So Merry (very early) Christmas and a reverse-birthday gift from me to you, here’s a bonus blog and vlog!
I’ve said before that I think I’m starting to like poetry books, and that is 100% true. That said, this is unlike any other poetry collection I’ve read (which is why I do love working with Fly On the Wall, they give me new stuff to try, like Confess!).
As most of y’all have gathered, and if you haven’t then I’m shocked, I’m a hopeless romantic. So, when it comes to poetry, I tend to just be drawn to it, and sometimes, it just seems drawn to me. But Wall’s collection is entirely different.
For sure it’s emotional, but rather than one person’s feelings, or even a few people’s feelings, Wall’s collection seemed evocative more of humanity’s emotions and experience as a collective. And yet, there were still some very personal, intimate poems as well…
Something else that was interesting to me was the fact that going into this book, I was almost prepared for “Fortunate Son,” “American Idiot,” or even “Deportee” vibes. But basically, I was expecting a lot of protesting, political messages with these poems.
So when I came across poems like “A Man Sits on a Train” and especially “The Bomb,” (it’s not what you think), I was surprised.
“These aren’t revolutionary poems,” I thought to myself, brow furrowed as I read through it. But then, it made sense how they could be…
Revolutions don’t need to be dramatic, dangerous, fights every time. Sometimes, revolutions are subtle, they’re individual.
I mean, even though a google search of “revolution” will first bring up war, other definitions have to do with “a fundamental change in thinking,” or shoot, even a turn/orbit around something else.
I think that’s why I enjoyed this collection so much, it challenges (or at least it did for me) the way that we see and define revolution. And it does so in such a beautifully simple, yet nuanced and emotional way.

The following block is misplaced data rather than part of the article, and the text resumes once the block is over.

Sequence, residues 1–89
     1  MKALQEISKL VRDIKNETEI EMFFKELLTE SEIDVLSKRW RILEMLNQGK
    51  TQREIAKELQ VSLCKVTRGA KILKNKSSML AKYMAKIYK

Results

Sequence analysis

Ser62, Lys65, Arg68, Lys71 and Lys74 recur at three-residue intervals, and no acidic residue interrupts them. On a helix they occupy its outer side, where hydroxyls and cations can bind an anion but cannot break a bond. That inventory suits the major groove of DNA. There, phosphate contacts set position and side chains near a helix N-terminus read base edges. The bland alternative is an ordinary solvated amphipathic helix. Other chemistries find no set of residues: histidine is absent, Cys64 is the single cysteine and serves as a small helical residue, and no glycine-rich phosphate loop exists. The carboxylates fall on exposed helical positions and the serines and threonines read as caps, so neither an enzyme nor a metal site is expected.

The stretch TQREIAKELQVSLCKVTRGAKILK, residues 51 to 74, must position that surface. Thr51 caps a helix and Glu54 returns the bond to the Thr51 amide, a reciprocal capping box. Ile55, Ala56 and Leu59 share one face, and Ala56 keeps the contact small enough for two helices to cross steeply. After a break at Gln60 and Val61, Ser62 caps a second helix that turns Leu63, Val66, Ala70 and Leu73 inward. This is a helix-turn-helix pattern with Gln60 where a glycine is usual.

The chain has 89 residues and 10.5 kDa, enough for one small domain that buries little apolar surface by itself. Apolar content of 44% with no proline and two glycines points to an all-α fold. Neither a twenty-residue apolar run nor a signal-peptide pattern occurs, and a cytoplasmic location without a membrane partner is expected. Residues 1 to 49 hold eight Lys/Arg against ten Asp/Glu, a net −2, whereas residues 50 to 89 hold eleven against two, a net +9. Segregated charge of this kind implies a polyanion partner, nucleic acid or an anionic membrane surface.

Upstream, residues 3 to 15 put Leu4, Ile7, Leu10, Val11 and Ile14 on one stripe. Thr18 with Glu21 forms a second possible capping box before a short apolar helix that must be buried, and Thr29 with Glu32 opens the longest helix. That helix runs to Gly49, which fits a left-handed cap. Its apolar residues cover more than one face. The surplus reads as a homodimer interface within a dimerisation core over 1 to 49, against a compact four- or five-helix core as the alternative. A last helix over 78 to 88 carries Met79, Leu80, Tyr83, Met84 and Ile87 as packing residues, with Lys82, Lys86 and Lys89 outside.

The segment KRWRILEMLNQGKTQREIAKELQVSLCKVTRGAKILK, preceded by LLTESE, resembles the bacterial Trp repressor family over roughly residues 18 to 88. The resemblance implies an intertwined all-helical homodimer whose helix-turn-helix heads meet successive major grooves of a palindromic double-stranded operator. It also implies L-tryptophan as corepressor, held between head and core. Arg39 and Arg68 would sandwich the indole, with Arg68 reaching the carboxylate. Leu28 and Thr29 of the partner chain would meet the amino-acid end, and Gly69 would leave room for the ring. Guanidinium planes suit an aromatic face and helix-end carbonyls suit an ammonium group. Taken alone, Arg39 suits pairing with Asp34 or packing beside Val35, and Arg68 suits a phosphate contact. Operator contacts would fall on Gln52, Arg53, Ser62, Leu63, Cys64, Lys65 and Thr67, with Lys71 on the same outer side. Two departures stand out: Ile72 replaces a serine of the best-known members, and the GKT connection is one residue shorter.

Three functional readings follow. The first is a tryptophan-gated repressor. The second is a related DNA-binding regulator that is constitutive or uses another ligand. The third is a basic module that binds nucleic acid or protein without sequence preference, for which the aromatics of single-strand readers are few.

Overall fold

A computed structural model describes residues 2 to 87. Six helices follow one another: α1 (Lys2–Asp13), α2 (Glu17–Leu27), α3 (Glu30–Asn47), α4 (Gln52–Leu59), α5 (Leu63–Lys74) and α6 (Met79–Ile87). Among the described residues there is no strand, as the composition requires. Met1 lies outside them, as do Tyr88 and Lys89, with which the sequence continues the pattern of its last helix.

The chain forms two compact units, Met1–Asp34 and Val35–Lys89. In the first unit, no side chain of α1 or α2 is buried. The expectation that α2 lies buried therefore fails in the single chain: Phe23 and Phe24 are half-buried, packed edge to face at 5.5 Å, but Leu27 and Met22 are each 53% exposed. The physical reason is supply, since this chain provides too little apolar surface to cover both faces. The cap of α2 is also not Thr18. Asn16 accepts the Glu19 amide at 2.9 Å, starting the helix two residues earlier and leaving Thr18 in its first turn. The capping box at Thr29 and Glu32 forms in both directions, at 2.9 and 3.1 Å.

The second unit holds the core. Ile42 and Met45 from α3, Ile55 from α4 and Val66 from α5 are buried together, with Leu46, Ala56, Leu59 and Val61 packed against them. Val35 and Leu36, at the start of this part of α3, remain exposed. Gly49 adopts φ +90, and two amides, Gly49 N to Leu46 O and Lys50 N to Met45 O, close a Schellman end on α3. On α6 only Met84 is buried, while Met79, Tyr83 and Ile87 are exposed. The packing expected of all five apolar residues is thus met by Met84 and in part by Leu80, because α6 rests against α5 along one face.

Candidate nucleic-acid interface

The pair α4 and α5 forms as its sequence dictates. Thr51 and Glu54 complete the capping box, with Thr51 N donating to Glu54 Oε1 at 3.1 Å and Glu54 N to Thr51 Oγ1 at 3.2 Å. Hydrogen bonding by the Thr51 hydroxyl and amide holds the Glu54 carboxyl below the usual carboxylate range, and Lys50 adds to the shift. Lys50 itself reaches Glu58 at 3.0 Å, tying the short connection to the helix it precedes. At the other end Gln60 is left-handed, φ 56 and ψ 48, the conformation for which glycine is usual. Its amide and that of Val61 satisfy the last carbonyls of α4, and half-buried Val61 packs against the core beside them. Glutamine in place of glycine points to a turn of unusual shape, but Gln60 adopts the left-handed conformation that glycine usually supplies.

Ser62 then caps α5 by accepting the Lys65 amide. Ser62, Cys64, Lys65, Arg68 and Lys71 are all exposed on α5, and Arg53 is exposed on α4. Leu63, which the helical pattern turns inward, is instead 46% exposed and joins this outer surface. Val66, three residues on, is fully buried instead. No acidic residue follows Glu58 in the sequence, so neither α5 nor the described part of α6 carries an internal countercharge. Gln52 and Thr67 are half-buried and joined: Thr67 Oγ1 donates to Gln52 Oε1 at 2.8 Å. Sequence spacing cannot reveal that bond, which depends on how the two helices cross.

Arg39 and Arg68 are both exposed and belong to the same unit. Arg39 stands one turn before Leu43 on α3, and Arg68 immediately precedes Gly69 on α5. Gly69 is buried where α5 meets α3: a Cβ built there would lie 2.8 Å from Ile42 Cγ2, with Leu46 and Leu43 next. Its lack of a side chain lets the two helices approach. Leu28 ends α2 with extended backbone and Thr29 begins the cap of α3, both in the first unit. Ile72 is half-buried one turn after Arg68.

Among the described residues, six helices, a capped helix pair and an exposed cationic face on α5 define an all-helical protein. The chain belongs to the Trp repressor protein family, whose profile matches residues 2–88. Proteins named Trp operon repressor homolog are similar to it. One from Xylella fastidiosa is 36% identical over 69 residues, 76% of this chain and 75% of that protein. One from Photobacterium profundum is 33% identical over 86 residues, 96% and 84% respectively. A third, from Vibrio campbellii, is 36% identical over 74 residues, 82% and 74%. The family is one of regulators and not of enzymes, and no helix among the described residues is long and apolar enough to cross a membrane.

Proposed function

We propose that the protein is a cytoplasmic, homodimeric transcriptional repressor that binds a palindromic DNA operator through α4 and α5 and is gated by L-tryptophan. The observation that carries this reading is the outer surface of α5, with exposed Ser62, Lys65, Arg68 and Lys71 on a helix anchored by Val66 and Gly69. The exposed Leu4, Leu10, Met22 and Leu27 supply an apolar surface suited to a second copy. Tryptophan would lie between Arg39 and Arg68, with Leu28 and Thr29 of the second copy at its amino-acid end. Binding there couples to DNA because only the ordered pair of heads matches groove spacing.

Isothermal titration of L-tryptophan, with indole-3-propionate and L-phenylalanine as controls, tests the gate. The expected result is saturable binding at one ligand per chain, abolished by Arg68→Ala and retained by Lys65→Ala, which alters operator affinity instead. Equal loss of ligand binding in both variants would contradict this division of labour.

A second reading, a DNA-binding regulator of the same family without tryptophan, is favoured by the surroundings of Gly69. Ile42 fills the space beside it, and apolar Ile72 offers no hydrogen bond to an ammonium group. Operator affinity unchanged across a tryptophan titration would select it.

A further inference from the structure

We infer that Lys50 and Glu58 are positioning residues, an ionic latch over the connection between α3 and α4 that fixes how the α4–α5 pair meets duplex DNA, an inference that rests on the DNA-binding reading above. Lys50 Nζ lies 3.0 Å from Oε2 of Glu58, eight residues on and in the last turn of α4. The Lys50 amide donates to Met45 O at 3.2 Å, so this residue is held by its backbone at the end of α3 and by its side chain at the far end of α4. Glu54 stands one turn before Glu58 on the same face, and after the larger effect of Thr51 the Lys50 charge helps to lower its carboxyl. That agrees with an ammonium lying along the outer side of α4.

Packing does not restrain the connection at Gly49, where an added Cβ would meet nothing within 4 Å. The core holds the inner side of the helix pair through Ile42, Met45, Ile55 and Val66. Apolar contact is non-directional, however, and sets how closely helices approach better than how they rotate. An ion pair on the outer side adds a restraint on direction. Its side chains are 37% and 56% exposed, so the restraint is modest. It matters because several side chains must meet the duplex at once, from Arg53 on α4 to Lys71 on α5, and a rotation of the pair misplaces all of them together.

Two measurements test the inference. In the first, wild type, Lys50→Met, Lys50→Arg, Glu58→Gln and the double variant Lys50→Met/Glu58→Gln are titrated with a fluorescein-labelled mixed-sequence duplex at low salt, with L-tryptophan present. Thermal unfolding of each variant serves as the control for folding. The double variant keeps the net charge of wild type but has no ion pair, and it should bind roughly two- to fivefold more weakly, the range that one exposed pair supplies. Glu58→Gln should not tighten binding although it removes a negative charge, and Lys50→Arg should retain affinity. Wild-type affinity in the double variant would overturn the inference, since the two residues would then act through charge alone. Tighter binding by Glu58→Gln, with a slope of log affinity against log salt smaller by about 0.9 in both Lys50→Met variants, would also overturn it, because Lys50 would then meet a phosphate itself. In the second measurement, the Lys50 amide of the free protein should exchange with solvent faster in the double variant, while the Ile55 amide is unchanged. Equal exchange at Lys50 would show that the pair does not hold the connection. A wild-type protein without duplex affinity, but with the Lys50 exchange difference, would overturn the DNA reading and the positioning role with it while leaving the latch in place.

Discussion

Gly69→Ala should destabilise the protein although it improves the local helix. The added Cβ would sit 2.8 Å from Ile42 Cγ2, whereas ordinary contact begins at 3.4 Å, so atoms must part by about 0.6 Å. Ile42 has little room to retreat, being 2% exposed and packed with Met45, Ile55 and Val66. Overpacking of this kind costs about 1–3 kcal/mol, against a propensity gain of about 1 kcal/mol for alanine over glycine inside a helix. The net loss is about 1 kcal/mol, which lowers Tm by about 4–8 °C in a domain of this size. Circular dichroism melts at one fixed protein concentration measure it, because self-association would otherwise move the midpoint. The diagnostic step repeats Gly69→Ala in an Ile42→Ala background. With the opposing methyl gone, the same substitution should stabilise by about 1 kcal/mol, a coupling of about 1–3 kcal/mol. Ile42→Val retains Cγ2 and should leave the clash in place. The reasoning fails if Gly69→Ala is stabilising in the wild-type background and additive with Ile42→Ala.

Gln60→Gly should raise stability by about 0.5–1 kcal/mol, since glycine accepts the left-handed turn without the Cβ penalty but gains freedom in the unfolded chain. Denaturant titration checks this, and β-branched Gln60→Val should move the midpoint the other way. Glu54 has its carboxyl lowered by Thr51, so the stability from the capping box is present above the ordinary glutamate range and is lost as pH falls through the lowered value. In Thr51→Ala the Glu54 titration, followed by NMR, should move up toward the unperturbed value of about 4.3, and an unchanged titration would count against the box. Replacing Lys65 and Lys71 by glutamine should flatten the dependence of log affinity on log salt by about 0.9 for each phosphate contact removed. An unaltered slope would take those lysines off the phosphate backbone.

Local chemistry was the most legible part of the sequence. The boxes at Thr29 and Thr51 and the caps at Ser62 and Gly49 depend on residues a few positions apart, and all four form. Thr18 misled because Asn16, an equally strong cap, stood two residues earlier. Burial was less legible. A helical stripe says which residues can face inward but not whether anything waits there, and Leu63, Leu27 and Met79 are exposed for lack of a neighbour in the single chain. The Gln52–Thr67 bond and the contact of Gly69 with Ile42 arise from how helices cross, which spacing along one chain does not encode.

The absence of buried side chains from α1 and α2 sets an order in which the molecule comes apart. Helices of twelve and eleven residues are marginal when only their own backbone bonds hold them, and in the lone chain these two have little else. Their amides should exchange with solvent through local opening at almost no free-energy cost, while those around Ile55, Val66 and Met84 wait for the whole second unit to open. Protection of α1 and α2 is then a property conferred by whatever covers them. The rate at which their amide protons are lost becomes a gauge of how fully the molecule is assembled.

In reference to the two poems above, for example, in “A Man Sits on a Train,” Wall paints the picture of someone travelling, seemingly waiting for something to happen (literally, an email, but you get the sense of something bigger too) and as Wall describes the changing, evolving countryside, it’s unclear how much the man sees. At the end of the poem, he gets that email, and it’s terribly banal, and it leaves you with the feeling of needing to stop and smell the roses. The need to take the time to be present–to host an inner-revolution against oneself and the arguably toxic expectations thrust upon us by our work and whatever else is holding us back from our potential… even if our potential is just seeing something differently, or just seeing something at all.
Similarly, with “The Bomb,” immediately *snap* you think it’s going to be some violent Hiroshima-esque poem of destruction and sorrow. And the beginning does kind of start that way. But instead, it’s a sweet poem that reminded me of the saying “kill them with kindness.” If to have a revolution is to have a fundamental change in belief, then perhaps the revolution we need is to escape from the captivity of negativity and despair and instead spread something more positive.
This, then, takes me to the first poem–the one that I really should have paid more attention to. The one that should have signaled to me that this wasn’t some post-apocalyptic-uber-patriotic-revolution. It’s the poem that tells you what the sound of revolution is by first telling you what it’s not…
It’s not the guns and screams and explosions… It’s something far more subtle and sincere; something both personal and shared…
“And in your breath/you hear the sound/of revolution.”
That’s all I’ve got (for real, this time) for Grae J. Wall’s The Sound of Revolution, I definitely recommend if you like poetry. If you’re not as keen about it, I still think it’s worth a shot, but it struck me as one of those books that you have to be open to and ready to expand your ideas.
Happy Reading and I’ll see you in 2021!